Kochi: Wayanad’s famous peppers may soon become history. More than a decade after the root wilt disease nearly wiped out pepper cultivation from this northern hill district in Kerala, the crop is now facing a lethal attack by wasps.
(GOING SEEDS) The pests have destroyed at least 70% of the pepper crop in Wayanad, once India’s largest producer of the spice, according to state agriculture officials. Farmers, tired of fighting these attacks, are giving up pepper farming and turning instead to more pest-resistant and lucrative crops such as rubber.
The wasps have infested the standards, or the thorny support trees known locally as murukku (Erythrina indicus), on which the pepper vines grow. Spraying pesticides hasn’t helped to get rid of the pests and the only option now is to uproot and burn the standards, some farmers said.
Facing threat: Pepper vines are prone to disease as Kerala receives two monsoons a year.(Photo: Ajayan / Mint)
“It’s a grave situation,” said M. Tamilselvam, director of the Directorate of Arecanut and Spices Development, or DASD, an office under the Union agriculture ministry. “We are in touch with the Indian Institute of Spices Research (IISR) and will jointly look at ways to address the problem.”
DASD plans to start a study into the wasp attack and, together with IISR, work on developing alternative, more resistant standards for pepper vines, Tamilselvam said.
Wayanad dominated pepper farming in the country 20 years ago, producing more than 40,000 tonnes of the crop every year in the mid-1980s, about half of India’s total pepper production.
The variety grown in the district is the aromatic Tellicherry bold pepper, for which the Spices Board of India, a government trade promotion body, is attempting to get a geographical indication status, to acknowledge its unique pungent flavour.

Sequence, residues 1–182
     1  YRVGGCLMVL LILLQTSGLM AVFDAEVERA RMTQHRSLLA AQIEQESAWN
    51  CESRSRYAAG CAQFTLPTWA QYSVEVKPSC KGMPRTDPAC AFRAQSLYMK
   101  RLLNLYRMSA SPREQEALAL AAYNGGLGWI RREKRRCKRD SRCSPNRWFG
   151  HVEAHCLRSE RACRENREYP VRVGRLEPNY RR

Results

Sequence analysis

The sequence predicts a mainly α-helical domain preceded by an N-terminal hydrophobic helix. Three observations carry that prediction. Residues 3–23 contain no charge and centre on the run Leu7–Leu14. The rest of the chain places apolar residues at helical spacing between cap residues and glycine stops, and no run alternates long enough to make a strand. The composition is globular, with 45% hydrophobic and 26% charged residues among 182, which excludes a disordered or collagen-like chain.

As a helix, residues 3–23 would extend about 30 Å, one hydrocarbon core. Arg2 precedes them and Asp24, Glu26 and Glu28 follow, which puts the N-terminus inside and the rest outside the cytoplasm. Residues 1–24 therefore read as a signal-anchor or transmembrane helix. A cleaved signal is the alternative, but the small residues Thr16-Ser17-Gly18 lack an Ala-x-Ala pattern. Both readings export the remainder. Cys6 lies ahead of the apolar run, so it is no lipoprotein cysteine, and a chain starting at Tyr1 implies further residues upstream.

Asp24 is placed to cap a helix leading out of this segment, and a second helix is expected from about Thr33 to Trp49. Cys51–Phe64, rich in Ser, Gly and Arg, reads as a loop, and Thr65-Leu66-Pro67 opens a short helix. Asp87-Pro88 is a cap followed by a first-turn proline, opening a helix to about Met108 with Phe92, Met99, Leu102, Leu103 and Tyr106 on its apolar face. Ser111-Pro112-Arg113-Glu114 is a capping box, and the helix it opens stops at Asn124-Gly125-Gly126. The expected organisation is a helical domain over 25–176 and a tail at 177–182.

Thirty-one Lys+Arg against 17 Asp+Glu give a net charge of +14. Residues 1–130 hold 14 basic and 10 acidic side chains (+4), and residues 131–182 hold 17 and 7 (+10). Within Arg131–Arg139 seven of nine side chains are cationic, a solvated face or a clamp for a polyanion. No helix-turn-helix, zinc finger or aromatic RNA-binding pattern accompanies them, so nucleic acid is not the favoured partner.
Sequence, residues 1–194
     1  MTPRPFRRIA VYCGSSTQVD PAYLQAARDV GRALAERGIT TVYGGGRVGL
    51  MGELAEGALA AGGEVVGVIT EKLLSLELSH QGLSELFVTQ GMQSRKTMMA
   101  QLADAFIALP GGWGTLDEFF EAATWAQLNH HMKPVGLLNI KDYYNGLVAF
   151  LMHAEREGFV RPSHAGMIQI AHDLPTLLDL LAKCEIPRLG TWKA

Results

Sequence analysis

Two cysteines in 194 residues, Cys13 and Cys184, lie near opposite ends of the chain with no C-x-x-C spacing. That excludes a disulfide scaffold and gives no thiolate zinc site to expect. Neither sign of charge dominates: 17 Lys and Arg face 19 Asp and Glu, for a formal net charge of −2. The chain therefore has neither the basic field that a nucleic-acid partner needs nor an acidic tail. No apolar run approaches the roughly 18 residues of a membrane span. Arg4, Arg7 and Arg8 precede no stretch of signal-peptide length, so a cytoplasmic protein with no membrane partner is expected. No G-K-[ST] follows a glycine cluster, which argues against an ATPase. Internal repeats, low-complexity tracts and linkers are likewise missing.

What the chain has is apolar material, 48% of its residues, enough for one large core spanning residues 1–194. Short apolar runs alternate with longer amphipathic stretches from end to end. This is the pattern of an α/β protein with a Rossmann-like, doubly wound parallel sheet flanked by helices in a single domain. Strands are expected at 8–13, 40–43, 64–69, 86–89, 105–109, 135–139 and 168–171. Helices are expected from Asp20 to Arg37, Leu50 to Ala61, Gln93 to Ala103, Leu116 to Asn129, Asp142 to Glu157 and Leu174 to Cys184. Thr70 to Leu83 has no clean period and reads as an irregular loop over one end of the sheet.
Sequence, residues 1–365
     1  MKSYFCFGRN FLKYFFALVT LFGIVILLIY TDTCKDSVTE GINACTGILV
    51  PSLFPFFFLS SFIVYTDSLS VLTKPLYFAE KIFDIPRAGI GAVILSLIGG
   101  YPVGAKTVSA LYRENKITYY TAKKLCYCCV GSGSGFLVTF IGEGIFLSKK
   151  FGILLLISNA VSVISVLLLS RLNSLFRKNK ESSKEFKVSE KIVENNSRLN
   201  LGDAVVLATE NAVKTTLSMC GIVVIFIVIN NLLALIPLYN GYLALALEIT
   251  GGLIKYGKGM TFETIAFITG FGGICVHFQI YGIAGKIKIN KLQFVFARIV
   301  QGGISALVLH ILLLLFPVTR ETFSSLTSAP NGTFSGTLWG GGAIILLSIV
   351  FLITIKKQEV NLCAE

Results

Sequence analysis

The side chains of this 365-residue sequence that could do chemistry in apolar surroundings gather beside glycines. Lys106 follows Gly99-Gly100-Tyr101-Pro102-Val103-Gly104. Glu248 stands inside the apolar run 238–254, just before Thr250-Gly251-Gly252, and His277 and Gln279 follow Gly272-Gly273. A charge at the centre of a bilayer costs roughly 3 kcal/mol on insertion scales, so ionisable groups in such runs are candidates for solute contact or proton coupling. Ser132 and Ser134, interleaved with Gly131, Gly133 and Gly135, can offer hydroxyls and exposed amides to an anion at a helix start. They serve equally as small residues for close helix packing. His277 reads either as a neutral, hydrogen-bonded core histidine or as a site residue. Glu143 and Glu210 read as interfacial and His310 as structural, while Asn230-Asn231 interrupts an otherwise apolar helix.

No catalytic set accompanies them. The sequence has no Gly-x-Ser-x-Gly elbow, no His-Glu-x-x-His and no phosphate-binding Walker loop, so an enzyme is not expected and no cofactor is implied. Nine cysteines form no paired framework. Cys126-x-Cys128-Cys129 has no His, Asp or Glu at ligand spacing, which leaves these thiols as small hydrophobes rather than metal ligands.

(MONSOON TRACKER) But the situation turned dramatically in the 1990s, with the spread of the root wilt disease among Wayanad’s pepper vines, said Abraham Benhur, chairman of the Haritha Sena, a farmers’ organization.
Pepper vines in Kerala are prone to such diseases as the state has two monsoons a year and the rains provide an ideal environment for the dormant fungus to bloom.
Excessive planting also disturbs the soil and makes it easier for the rains to spread the fungus, said E.V. Nybe, head of the plantation crops and spices division of the Kerala Agriculture?University.
Wayanad, which produced 22,385 tonnes of pepper from 43,039ha in 1995-96, harvested just 9,828 tonnes from 36,488ha in 2006-07, according to data available with the state directorate of economics and statistics.
Farmers in the district believe replanting the pepper crop after treating the soil for fungus will also help get rid of the pests.
“After testing the soil and freeing it of the fungus, the government should go ahead with its pepper replantation scheme, for which it has already allotted funds to the Kerala horticulture mission,” said Parakkal Sunny, a pepper farmer in Pulpally.